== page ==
Cuba passed legislation treating “misinformation” as “cyberterrorism.”
The move comes weeks after widespread anti-government protests gripped Cuba, which made international news largely because of photos and videos posted to social media by Cubans on the island. Cuban President Miguel Diaz-Canel explained that the law “goes against misinformation and cyber lies.”
Decree 35 reads as follows: The legislation bans the spread of false news or messages and content deemed offensive or which “incite mobilizations or other acts that upset public order.” It also provides a channel for Cubans to inform on potential contraventions. Those who have attempted to “subvert the constitutional order” will be considered cyberterrorists. It does not say what the penalties will be for violations.
The legislation drew concern from American lawmakers — including Rep. Maria Salazar (R-FL), a Cuban-American. She said that “the Castro regime intends to criminalize posting on social media — but nothing is going to stop the people of Cuba and their determination to be free.”
The English language site for Prensa Latina Cuba’s state-sanctioned news outlet marketed the law as “standard practice worldwide.” The regulation typifies the different incidents and facts in the network environment such as cyberbullying, fake news, massive blocking of accounts in social networks, pornography, cyber terrorism, cyberwar, and social subversion.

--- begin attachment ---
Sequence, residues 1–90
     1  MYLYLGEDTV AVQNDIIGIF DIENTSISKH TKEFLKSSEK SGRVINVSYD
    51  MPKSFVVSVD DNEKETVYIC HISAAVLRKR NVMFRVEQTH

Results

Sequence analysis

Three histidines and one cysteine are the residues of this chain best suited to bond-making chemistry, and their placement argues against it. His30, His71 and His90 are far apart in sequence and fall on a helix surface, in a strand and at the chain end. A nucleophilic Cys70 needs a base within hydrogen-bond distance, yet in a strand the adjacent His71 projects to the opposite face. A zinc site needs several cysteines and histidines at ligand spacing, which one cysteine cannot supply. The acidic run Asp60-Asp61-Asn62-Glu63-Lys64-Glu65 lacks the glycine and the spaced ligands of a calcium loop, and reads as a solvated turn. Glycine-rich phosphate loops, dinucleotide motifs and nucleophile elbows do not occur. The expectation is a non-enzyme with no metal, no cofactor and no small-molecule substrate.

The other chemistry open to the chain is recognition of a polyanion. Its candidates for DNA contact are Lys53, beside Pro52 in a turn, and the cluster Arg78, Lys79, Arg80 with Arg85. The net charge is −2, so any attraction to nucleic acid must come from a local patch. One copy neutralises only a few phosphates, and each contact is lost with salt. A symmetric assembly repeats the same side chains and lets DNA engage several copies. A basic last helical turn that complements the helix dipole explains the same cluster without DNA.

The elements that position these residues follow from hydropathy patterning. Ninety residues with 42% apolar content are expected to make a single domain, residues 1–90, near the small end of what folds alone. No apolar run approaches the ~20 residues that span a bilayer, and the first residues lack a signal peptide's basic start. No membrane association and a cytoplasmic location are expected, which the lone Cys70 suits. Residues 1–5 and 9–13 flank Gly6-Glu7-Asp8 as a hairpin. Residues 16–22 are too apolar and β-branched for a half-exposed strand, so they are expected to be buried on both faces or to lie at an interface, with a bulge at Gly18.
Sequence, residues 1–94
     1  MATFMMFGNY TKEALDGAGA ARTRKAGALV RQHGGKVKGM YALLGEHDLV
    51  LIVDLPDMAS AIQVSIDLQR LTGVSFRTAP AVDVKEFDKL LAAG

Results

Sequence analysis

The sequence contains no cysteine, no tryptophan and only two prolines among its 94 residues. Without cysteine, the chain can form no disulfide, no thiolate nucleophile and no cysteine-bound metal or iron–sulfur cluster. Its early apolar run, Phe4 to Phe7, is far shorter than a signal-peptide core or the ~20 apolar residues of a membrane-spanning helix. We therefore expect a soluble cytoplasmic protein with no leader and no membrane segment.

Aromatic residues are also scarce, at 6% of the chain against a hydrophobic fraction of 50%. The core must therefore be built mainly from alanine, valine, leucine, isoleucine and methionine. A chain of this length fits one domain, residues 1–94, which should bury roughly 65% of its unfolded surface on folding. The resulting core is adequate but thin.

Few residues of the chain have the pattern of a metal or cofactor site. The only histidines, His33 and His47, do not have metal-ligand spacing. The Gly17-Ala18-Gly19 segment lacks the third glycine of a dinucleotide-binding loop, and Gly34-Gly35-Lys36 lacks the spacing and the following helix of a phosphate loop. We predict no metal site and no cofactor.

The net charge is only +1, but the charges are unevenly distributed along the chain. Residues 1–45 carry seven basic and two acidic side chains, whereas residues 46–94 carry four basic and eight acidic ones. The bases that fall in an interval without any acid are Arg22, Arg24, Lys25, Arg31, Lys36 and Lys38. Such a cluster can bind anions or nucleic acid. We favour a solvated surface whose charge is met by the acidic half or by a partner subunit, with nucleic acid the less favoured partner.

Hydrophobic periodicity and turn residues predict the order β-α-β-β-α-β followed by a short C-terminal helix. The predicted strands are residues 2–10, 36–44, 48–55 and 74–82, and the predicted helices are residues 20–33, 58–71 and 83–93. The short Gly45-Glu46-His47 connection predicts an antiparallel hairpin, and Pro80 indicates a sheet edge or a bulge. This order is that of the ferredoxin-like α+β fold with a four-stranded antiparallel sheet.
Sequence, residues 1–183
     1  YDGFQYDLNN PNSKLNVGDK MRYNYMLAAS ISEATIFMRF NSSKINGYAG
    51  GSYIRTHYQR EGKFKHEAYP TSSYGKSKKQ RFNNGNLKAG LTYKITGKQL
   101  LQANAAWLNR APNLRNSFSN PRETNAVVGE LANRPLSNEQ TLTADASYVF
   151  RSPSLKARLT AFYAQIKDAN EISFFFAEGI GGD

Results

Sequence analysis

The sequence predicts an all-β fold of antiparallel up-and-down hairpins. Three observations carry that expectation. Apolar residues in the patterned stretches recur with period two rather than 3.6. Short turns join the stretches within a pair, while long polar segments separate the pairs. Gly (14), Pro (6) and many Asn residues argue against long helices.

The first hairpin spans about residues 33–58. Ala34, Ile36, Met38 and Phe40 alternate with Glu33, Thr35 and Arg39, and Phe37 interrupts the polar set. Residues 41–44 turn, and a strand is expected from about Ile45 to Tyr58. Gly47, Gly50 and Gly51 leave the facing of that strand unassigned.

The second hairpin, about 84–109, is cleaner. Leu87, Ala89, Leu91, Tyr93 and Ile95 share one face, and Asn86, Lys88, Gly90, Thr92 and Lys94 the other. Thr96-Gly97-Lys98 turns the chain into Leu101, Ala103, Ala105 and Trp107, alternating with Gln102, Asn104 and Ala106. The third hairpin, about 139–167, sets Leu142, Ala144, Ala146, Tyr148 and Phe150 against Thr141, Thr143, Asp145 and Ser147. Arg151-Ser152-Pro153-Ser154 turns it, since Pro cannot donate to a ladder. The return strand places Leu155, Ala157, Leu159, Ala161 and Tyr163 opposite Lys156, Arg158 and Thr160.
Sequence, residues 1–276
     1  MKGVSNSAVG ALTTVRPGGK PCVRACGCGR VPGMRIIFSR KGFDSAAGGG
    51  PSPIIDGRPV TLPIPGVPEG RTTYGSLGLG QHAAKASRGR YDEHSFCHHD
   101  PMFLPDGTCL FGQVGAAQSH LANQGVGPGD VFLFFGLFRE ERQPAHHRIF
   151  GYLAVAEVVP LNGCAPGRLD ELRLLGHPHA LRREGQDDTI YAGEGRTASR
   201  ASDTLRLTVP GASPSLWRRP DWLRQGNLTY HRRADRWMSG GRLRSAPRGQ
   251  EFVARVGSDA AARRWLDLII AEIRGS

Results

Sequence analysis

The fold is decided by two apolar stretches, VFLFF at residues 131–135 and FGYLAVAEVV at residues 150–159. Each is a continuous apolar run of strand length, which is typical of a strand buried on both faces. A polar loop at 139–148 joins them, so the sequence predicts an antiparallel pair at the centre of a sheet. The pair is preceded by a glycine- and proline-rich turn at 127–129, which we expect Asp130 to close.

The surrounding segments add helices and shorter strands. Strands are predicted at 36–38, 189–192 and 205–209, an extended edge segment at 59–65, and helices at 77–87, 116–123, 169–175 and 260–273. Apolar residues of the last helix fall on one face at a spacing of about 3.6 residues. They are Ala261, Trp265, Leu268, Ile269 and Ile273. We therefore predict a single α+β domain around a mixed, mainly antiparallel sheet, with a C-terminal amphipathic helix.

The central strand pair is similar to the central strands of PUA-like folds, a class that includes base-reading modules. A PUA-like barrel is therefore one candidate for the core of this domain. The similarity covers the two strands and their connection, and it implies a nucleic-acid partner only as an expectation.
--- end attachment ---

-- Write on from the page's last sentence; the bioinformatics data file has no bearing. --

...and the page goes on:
ARTICLE: PAUL MURDOCH
MANAGING EDITOR: CARSON CHOATE
PHOTO CREDITS: THE RECORD
Latest posts by Paul Murdoch (see all)
- Haitian gang that kidnapped seventeen American missionaries demands $1 million ransom per hostage - October 22, 2021
- Norway attack victims were killed by stabbings, not arrows as originally reported, police say - October 22, 2021
- Microsoft warned Bill Gates over ‘flirtatious’ emails to female colleague in 2008, report shows - October 22, 2021